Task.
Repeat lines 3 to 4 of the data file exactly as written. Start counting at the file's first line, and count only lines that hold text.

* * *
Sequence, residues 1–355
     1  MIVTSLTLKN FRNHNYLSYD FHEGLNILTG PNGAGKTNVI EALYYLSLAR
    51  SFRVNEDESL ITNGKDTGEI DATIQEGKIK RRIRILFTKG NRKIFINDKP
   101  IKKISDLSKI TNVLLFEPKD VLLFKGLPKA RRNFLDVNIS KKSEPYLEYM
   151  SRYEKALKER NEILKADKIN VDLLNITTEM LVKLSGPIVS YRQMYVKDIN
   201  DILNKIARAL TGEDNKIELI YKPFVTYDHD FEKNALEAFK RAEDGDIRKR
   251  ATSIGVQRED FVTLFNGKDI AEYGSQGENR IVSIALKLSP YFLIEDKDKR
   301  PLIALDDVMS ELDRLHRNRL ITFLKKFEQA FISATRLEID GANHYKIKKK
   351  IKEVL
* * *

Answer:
    51  SFRVNEDESL ITNGKDTGEI DATIQEGKIK RRIRILFTKG NRKIFINDKP
   101  IKKISDLSKI TNVLLFEPKD VLLFKGLPKA RRNFLDVNIS KKSEPYLEYM